The Rock and Roll Hall of Fame nominating committee's yearly announcement of the latest batch of potential inductees always generates the same reaction: a combination of sputtering outrage by fans of those deserving artists who've been shunned, and jubilation by fans of those who made the cut. The annual debate over the list of nominees is as inevitable as the announcement itself.

Keep reading... Show less

Barry Lyndon suggests that all violence—wars, duels, boxing, and the like—is nothing more than subterfuge for masculine insecurities and romantic adolescent notions, which in many ways come down to one and the same thing.

2001: A Space Odyssey (1968) crystalizes a rather nocturnal view of heterosexual, white masculinity that pervades much of Stanley Kubrick's films: after slithering from the primordial slime, we jockey for position in ceaseless turf wars over land, money, and women. Those wielding the largest bone/weapon claim the spoils. Despite our self-delusions about transcending our simian stirrings through our advanced technology and knowledge, we remain mired in our ancestral origins of brute force and domination—brilliantly condensed by Kubrick in one of the most famous cuts in cinematic history: a twirling bone ascends into the air only to cut to a graphic match of a space station. Ancient and modern technology collapse into a common denominator of possession, violence, and war.

Keep reading... Show less

This book offers a poignant and jarring reminder not just of the resilience of the human spirit, but also of its ability to seek solace in the materiality of one's present.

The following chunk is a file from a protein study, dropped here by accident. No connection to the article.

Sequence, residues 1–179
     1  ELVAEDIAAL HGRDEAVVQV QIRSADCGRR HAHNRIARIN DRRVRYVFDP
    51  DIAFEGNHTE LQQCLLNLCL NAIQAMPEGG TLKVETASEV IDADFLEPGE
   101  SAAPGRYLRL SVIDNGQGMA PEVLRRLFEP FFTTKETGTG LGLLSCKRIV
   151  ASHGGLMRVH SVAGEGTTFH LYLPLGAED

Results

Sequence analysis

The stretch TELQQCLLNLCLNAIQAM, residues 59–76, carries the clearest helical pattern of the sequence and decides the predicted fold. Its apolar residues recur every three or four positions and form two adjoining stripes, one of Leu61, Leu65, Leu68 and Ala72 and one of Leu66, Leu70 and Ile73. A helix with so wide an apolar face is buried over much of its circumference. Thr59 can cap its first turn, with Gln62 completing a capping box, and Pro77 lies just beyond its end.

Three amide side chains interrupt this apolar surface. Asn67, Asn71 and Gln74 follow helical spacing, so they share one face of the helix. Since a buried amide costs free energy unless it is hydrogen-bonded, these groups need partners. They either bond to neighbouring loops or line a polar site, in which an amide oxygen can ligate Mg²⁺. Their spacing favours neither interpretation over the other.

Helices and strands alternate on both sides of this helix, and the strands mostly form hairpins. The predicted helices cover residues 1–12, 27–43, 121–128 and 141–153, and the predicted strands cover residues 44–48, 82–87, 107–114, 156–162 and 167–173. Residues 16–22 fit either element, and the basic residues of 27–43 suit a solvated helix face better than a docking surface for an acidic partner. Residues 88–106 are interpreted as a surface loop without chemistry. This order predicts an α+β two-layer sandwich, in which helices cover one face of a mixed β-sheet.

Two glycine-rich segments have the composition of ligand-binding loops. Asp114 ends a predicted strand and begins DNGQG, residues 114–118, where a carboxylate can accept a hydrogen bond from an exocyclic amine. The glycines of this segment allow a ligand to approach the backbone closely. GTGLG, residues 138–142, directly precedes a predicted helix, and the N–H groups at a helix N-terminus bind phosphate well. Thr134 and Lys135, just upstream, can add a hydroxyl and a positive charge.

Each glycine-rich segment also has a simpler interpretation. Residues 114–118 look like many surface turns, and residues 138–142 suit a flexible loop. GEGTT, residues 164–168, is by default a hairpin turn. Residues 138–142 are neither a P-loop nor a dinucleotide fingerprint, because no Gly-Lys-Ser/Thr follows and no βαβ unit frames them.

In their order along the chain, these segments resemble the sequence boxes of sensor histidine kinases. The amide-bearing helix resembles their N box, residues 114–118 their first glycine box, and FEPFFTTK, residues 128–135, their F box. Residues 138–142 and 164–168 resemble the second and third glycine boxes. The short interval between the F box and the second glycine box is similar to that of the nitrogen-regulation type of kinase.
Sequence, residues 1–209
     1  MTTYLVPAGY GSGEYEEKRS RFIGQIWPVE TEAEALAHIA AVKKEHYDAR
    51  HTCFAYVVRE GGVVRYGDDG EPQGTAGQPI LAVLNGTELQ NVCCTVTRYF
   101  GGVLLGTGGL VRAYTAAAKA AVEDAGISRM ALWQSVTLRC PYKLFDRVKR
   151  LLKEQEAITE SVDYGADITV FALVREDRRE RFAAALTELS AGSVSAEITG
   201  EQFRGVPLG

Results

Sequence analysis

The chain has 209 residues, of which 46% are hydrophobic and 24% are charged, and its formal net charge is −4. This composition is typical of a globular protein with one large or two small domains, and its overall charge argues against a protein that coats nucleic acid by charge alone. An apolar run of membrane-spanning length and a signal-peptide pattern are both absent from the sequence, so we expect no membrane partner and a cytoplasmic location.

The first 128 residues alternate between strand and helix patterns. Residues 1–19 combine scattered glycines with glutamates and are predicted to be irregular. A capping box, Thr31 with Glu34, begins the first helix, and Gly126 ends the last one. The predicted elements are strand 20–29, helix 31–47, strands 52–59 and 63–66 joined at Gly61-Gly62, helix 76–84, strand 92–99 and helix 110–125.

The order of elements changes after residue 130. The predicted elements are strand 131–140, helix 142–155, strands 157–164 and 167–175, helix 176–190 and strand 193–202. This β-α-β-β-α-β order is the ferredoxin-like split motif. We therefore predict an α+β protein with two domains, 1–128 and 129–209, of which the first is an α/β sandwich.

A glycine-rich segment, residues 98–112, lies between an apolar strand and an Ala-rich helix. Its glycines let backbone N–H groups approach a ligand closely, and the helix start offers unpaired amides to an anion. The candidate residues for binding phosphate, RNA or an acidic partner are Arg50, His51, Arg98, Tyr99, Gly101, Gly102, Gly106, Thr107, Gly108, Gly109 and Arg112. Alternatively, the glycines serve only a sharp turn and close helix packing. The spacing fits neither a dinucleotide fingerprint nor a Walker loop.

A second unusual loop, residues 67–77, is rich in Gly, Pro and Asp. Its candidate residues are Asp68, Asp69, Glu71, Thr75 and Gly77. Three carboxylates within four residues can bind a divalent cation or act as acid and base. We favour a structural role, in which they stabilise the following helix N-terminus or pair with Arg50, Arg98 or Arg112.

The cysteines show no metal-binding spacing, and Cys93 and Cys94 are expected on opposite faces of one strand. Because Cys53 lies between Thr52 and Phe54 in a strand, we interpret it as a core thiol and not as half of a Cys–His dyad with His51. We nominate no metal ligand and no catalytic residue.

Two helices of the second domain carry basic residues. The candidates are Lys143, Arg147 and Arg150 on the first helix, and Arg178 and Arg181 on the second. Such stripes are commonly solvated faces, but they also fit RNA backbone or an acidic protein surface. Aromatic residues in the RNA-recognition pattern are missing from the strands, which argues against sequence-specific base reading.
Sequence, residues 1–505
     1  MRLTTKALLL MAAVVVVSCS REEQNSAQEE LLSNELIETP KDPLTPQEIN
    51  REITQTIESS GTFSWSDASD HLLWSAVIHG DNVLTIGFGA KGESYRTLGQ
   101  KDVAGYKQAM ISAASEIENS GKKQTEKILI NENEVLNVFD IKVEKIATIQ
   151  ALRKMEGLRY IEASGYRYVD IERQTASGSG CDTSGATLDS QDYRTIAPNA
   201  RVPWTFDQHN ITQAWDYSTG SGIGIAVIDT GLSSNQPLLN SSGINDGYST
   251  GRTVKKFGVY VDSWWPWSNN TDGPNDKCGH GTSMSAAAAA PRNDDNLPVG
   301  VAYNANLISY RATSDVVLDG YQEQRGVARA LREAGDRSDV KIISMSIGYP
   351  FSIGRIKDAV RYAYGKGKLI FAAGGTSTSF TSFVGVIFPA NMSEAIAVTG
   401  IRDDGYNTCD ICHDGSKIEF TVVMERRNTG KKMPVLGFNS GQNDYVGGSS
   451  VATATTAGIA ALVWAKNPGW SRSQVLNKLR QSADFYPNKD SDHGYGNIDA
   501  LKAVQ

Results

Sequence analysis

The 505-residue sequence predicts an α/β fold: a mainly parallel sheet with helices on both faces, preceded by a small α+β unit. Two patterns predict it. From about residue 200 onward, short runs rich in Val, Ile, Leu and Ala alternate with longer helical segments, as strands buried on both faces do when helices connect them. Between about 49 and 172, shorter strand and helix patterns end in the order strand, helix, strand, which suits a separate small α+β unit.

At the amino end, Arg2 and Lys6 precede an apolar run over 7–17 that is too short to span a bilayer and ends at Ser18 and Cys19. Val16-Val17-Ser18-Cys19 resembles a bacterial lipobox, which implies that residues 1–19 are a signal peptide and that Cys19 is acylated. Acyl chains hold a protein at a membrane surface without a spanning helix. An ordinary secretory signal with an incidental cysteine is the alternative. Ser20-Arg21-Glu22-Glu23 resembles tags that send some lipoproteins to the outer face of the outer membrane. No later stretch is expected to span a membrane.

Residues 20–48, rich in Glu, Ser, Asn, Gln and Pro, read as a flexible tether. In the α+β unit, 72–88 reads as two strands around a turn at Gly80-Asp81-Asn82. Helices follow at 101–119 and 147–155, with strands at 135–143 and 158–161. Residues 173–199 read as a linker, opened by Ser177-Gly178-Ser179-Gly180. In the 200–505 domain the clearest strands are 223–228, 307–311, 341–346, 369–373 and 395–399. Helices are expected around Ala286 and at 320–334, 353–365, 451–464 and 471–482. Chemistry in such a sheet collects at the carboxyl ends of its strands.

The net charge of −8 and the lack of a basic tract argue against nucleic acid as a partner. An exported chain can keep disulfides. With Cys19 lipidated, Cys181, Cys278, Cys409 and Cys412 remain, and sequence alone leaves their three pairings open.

Marcelino Truong launched his autobiographical account of growing up in Saigon during the Vietnam War with the acclaimed graphic novel Such a Lovely Little War: Saigon 1961-63, originally published in French in 2012 and in English translation in 2016. That book concluded with his family's permanent relocation to London, England, as the chaos and bloodshed back home intensified.

Now Truong continues the tale with Saigon Calling: London 1963-75 (originally published in French in 2015), which follows the experiences of his family after they seek refuge in Europe. It offers a poignant illustration of what life was like for a family of refugees from the war, and from the perspective of young children (granted, Truong's family were a privileged and upper class set of refugees, well-connected with South Vietnamese and European elites). While relatives and friends struggle to survive amid the bombs and street warfare of Vietnam, the displaced narrator and his siblings find their attention consumed by the latest fashion and music trends in London. The book offers a poignant and jarring reminder not just of the resilience of the human spirit, but also of its ability to seek solace in the materiality of one's present.

Keep reading... Show less

Canadian soul singer Elise LeGrow shines on her impressive interpretation of Fontella Bass' classic track "Rescue Me".

Canadian soul singer Elise LeGrow pays tribute to the classic Chicago label Chess Records on her new album Playing Chess, which was produced by Steve Greenberg, Mike Mangini, and the legendary Betty Wright. Unlike many covers records, LeGrow and her team of musicians aimed to make new artistic statements with these songs as they stripped down the arrangements to feature leaner and modern interpretations. The clean and unfussy sound allows LeGrow's superb voice to have more room to roam. Meanwhile, these classic tunes take on new life when shown through LeGrow's lens.

Keep reading... Show less
Pop Ten
Mixed Media
PM Picks

© 1999-2017 All rights reserved.
Popmatters is wholly independently owned and operated.